To cap things off, there are a couple of free concerts that are very worthy of your time and attention. The toy piano player (yes, that’s a thing) Phyllis Chen performs in midtown on February 15, and the Harlem Quartet gives a performance in (wait for it……) Harlem on February 22.

Yes, the days are short, the temperatures are low, and we’re months away from the rejuvenating signs of spring. But these phenomenal concert offerings will keep you busy and happy every day of the month.


Irresistible Concerts for Music-Lovers Willing to Brave the Elements


Gail Wein
December 29, 2017

Every January, New York plays host to several national and international gatherings of arts industry professionals. Coinciding with these meetings and conferences is an abundance of festivals, performances and showcases all around town.

PROTOTYPE – a festival of cutting edge opera-theatre and music-theatre works – has only been around a few years, but has gained major recognition as a collection of “can’t-miss” events. This year, eight different productions are performed in as many venues by leading composers, librettists and directors. Highlights include “Fellow Travelers” by Gregory Spears (performed by American Composers Orchestra), “Stranger Love” by Dylan Mattingly (performed by Contemporaneous) and “The Echo Drift” by Mikael Karlsson (performed by International Contemporary Ensemble, featuring singers Blythe Gaissert and John Kelly). January 7-20 in various locations in Manhattan and Brooklyn.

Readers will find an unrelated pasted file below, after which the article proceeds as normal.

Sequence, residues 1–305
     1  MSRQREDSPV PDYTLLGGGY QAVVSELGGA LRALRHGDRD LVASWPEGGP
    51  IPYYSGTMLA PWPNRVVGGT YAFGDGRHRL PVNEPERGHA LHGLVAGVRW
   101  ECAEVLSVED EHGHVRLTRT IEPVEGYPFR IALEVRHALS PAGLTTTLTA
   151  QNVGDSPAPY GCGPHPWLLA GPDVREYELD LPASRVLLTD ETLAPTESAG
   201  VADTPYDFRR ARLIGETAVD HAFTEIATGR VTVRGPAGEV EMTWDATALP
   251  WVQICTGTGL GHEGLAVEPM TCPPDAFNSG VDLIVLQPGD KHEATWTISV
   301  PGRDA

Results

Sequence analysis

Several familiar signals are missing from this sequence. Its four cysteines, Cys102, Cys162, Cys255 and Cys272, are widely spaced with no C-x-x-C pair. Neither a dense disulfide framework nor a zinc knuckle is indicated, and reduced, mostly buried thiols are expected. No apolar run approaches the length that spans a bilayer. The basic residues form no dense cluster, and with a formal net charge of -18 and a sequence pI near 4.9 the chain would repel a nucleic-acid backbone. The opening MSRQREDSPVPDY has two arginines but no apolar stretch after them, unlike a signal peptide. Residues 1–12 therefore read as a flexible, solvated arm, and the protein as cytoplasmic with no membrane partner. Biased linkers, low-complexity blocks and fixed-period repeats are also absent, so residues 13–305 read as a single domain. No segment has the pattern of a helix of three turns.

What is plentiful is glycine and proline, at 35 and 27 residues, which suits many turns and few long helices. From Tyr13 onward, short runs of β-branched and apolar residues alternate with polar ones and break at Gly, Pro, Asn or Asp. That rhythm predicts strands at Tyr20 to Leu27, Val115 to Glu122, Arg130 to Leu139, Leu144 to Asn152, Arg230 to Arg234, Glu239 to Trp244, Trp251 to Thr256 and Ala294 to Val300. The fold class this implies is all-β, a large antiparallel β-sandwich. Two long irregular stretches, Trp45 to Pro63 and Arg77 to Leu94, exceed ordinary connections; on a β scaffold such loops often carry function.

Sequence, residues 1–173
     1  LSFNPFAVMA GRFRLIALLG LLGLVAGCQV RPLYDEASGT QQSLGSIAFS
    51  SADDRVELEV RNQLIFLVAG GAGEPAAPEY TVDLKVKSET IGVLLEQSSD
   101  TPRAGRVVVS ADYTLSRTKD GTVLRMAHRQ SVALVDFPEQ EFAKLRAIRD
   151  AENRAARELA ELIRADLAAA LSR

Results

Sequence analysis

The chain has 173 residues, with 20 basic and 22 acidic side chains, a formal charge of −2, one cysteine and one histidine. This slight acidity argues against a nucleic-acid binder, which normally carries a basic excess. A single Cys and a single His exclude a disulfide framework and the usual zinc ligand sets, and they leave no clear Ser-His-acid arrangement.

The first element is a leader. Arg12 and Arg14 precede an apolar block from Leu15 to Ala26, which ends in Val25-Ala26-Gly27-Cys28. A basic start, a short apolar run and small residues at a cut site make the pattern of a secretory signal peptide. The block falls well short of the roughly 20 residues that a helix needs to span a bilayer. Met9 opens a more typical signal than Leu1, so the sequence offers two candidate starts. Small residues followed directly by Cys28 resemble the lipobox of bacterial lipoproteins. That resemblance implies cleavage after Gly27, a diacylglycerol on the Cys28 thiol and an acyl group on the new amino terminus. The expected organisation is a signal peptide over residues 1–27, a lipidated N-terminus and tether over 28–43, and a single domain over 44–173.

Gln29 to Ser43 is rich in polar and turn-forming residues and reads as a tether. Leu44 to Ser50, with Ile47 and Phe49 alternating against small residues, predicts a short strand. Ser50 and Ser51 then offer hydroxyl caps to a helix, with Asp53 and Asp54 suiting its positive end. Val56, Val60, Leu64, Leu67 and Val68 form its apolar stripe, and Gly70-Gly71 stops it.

“A Proust Sonata” brings texts by Marcel Proust to life with live performances of music by Debussy, Schumann, Chopin and others. The production from Da Camera of Houston was created and directed by its artistic director Sarah Rothenberg, who is also the pianist in the show. January 10-12 at the French Institute Alliance Française (FIAF) in midtown Manhattan.

Two other mainstays of the frenetic January season boast all-night lineups: The Winter JazzFest NYC Marathon is on January 12 and 13, with over 100 groups at a dozen venues in Greenwich Village. One- and two-day passes are on sale on the Winter JazzFest website. GlobalFEST takes over on January 14 with world music acts showcasing at several venues in Times Square.

Carnegie Hall warms up the city with two outstanding orchestras – Royal Concertgebouw on January 17 (performing Wagner and Bruckner) and January 18 (Mahler Symphony No. 1 and Bruch Violin Concerto with the fabulous Janine Jansen), and the Cleveland Orchestra on January 23 (Mahler Symphony No. 9) and January 24 (Haydn’s oratorio “The Seasons”). Jansen returns to the Carnegie stage on January 21 for a chamber program with pianist Jean-Yves Thibaudet and the Dover Quartet.